In my first AdLaw Bridge Series post, I reviewed David Pozen‘s Self-Help and the Separation of Powers, which was just published in the Yale Law Journal. As I mentioned in that post, the article’s practical (and political) implications should not be overlooked. Professor Pozen is careful to note, repeatedly, that the purpose of the paper is not to defend the current administration’s invocation of self-help countermeasures. The paper nevertheless provides a helpful reframing of executive discretion from going-it-alone tactics to countermeasures justified by the other branches’ failure to fulfill their duties. (Whether and which countermeasures are constitutional, I’ll leave for another day.) The current administration would be smart to reframe the discourse along the lines Professor Pozen suggests.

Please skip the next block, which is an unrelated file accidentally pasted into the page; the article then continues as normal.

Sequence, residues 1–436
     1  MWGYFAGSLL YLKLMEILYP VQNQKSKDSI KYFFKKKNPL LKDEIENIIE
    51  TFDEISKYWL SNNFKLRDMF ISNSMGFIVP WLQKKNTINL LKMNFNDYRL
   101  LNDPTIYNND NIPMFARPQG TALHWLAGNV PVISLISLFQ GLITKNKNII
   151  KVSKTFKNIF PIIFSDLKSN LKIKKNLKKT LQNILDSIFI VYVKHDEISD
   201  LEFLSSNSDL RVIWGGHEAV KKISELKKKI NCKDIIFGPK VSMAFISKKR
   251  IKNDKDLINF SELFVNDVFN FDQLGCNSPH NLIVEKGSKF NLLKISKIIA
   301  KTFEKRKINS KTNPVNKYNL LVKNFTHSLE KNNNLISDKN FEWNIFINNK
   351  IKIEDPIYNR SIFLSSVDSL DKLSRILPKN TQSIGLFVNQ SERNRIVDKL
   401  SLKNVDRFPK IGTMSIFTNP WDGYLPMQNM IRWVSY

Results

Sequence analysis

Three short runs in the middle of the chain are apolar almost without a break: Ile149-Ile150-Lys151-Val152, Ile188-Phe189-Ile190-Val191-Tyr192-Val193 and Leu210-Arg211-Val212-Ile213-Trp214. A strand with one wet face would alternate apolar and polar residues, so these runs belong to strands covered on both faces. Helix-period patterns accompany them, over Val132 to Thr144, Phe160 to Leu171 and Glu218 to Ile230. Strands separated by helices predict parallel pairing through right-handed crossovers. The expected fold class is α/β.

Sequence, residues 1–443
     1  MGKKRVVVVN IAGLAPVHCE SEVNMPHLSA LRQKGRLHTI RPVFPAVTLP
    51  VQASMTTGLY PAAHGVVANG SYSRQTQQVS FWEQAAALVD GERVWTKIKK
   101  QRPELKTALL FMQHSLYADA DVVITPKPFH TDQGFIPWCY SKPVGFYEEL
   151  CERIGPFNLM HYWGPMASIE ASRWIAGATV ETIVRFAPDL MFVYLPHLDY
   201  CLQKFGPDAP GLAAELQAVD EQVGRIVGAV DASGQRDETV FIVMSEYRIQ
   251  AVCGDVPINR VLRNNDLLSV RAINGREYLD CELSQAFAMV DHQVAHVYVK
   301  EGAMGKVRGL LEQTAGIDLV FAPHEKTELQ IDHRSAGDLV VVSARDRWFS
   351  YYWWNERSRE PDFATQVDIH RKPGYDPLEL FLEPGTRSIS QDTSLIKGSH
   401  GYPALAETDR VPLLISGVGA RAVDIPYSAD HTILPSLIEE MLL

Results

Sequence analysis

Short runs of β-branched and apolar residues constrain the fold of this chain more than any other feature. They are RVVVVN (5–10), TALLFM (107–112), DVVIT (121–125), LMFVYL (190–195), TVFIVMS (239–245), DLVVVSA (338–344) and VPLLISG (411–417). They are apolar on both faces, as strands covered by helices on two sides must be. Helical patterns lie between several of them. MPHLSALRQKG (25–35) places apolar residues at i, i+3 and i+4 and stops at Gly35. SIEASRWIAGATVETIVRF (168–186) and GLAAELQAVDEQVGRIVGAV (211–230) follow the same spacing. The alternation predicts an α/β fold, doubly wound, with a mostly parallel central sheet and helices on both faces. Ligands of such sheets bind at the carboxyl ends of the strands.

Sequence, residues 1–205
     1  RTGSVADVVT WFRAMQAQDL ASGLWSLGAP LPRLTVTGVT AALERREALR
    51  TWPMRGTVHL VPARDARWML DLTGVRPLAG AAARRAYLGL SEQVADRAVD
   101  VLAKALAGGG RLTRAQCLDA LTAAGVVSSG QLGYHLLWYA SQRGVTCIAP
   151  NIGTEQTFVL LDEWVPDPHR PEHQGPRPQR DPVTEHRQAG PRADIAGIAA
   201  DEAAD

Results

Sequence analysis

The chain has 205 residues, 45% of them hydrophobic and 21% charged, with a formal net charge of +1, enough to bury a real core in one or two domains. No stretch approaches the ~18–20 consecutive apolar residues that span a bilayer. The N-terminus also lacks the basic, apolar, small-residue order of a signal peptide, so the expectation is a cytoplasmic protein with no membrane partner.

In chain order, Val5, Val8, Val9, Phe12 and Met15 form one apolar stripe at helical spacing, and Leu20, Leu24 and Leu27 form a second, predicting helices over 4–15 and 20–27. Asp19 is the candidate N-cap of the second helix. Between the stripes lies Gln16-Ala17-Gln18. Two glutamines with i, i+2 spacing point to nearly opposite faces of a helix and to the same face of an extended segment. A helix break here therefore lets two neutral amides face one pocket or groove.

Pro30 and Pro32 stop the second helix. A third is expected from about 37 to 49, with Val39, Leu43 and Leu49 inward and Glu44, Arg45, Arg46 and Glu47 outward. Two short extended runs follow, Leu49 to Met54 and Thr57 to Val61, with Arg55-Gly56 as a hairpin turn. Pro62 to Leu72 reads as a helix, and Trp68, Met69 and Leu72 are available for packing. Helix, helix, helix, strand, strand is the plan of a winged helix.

In the Yale Law Journal Forum, William Marshall has published a great response, entitled Warning!: Self-Help and the Presidency, that discusses further the potentially dangerous practical and political (as well as constitutional) implications of Professor Pozen’s theory. Here’s a snippet from the introduction (footnotes omitted):
Professor Marshall’s 22-page essay is definitely worth a full read, and no doubt we will see many more responses to Professor Pozen’s self-help theory as the article makes such an important contribution to separation of powers theory.